Brownies and Guides meetings were held there, one guide remembers that there were steep steps up to the door and that Miss Alice Mayo from Coryates was the Girl Guide Captain.

The District Nursing Association formed in 1921 to raise funds to pay for nurses were given free use of the hut for meetings, dances and jumble sales.  Dr Pridham was a leading member of this association.

In the field next to the WI hut Les Shepstone built the Premier Garage which had two BP petrol pumps.

He provided cars for hire as well as employing mechanics and drivers.   Bob Wills was one of the mechanics/drivers employed there in the 1920's. Very few people had telephones at this time and Les provided a very useful service proclaiming 'You may telephone from here'.

 distance.  If you knocked off the head-dress you won a coconut.

The cricket team was quite famous in the area. They played on a pitch just beyond the railway bridge in Chapel Lane in a field belonging to farmer Arthur Virgin, who also made his long wagon barn available for teas.  Mrs Johnnie Walker and ladies laid trestle tables with cups and saucers and provided cakes and sandwiches.  Edith 'Toby' Pearce and Jean Hart were among several local youngsters who enjoyed helping out.

Other social clubs included a tennis club, a drama club, choral society and a rifle club which was based in Elwell Street.

Just beyond Virgin's dairy at the top of Chapel Lane, was the copse, where blue, white and mauve violets, primroses and daffodils grew.  Another more accessible copse was Wards, a short walk over the Westbrook fields, here grew primroses, anemones, bluebells and wild orchids locally known as granfer griggles.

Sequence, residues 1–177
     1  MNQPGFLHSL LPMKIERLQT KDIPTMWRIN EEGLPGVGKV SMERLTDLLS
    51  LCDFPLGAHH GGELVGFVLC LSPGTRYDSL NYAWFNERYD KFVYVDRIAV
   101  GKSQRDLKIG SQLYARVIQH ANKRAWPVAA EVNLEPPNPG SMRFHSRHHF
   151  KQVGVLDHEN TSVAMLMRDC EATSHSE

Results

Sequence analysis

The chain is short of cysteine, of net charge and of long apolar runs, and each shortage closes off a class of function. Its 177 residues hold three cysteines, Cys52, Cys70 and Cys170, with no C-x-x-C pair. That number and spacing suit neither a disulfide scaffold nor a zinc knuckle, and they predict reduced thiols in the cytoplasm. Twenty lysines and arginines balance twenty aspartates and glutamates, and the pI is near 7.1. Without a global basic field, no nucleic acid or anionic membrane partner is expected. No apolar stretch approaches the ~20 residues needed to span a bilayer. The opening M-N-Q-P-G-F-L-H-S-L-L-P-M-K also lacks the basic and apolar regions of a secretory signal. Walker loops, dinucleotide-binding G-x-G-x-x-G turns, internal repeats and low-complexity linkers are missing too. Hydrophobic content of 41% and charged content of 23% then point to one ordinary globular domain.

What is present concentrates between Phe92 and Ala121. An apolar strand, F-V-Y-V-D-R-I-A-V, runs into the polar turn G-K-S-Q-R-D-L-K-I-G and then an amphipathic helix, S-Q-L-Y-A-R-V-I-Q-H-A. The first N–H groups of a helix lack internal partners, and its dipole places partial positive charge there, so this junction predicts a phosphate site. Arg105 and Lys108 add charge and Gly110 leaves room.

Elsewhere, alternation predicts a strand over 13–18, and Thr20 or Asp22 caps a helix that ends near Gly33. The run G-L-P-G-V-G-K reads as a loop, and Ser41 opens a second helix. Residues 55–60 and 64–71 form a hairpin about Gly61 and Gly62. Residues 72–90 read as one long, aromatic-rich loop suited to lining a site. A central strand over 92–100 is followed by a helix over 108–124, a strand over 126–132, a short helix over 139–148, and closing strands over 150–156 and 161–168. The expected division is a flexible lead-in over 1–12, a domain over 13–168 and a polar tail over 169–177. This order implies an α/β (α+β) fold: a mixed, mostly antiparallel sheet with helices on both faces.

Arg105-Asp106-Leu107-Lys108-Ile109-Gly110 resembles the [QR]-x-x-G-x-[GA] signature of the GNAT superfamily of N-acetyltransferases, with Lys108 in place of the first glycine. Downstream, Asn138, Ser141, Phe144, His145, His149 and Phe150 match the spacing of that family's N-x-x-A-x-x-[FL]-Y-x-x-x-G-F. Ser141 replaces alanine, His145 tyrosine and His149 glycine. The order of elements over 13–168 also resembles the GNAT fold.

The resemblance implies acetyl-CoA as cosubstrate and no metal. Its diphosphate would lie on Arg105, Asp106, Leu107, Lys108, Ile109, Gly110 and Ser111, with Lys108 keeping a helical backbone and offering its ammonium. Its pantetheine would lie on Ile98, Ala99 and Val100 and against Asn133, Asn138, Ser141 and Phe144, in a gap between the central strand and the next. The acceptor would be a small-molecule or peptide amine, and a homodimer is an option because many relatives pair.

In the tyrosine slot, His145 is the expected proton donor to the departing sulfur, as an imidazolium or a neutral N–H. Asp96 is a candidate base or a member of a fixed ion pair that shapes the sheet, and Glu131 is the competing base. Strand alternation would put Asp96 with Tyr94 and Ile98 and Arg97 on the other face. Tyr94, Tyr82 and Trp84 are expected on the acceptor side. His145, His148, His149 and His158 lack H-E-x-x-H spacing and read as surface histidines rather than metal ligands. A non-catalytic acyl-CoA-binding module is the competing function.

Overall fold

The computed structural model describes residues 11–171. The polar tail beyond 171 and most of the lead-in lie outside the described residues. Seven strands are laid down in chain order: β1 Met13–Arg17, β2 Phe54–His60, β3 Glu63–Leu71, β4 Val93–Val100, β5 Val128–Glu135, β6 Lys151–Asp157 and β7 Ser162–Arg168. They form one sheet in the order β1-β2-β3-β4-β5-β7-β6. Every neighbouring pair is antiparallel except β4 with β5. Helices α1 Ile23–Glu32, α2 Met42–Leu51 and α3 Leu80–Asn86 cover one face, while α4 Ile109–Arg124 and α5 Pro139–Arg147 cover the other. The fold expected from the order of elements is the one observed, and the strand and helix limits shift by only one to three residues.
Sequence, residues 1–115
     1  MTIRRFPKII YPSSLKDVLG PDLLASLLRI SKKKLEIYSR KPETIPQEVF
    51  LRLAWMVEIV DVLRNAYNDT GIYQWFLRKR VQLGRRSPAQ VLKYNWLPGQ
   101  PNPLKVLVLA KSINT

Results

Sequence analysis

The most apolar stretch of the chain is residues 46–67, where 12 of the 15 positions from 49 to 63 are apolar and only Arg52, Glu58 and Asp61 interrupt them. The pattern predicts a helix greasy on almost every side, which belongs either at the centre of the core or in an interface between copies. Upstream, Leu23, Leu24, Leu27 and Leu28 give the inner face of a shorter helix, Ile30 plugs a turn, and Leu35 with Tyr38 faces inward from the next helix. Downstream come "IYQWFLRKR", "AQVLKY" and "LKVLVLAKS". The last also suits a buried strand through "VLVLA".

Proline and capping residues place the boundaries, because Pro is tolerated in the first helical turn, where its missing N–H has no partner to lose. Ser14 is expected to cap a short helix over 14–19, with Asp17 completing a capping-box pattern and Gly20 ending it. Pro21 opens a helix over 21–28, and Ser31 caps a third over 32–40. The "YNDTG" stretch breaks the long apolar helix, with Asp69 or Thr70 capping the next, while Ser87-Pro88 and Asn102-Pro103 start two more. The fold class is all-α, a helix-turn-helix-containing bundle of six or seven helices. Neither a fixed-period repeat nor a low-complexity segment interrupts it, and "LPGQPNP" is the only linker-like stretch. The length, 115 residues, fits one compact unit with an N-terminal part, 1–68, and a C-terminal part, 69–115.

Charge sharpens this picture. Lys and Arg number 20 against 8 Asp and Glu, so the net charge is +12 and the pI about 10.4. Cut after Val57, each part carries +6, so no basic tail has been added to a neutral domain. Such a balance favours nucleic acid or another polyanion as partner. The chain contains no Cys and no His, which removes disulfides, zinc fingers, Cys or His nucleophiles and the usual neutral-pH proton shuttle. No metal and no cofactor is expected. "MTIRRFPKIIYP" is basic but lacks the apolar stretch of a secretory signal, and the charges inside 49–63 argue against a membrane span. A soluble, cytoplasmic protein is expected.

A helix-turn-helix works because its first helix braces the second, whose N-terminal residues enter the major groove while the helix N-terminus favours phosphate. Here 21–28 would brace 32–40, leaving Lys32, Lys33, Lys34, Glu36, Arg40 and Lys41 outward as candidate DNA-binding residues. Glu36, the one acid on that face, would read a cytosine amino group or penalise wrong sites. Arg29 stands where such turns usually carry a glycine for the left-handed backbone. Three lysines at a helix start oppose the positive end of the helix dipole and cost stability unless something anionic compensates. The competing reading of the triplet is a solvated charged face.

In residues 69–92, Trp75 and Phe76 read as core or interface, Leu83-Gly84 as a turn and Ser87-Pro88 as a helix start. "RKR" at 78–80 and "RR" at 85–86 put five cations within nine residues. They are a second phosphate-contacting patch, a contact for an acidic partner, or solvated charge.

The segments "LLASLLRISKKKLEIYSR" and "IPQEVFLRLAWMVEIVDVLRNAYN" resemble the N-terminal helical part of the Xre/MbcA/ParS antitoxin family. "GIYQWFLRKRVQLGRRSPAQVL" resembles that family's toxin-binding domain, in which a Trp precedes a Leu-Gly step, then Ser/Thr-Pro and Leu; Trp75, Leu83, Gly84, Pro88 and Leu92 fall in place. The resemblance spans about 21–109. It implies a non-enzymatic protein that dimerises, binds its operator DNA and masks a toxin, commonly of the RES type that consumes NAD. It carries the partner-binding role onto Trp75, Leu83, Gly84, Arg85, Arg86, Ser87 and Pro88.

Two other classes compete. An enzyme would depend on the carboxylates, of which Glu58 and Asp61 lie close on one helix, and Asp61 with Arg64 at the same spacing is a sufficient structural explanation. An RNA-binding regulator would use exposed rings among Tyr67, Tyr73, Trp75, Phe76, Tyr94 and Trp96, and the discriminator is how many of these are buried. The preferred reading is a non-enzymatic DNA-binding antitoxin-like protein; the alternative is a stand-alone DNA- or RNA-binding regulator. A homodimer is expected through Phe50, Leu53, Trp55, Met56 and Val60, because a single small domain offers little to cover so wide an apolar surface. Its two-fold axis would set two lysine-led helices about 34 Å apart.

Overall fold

The village supported four public houses: John Marsh at the Masons Arms on Church Street; Percy Hyde at the Royal Standard on the Dorchester Road; Florence Wallace at The Ship on Ridgeway and J Dailey at the Royal Oak at the foot of Ridgeway.  The Royal Oak closed on Sundays as it had a six-day licence.  There was a room at the back, known as the Assembly Room which was used for meetings and events.  

At the side of the Royal Oak was a watering trough supplied by a natural spring, which provided a welcome drink for horses, cattle and sheep on their way to or from market.  There would be much excitement among the locals when the circus was on its way to town as they always stopped here to water the elephants and other circus animals.

The village flower show was held in Stickland's field, just past Baker's shop.  A marquee was filled with trestle tables for laying out entries.  There was skittles, hoopla, lucky dip and the Upwey Brass Band, conducted by Captain Richards.  A man dressed as an indian, face all smothered in brown/orange possibly iodine, would get into a big barrel.  He wore an Indian head-dress of feathers and used to pop up and down in the barrel whilst wooden balls were thrown at him from a certain

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- 1930’s

- 1940’s

- 1950’s

- 1960’s

- 1970’s

War Years

- 1920’s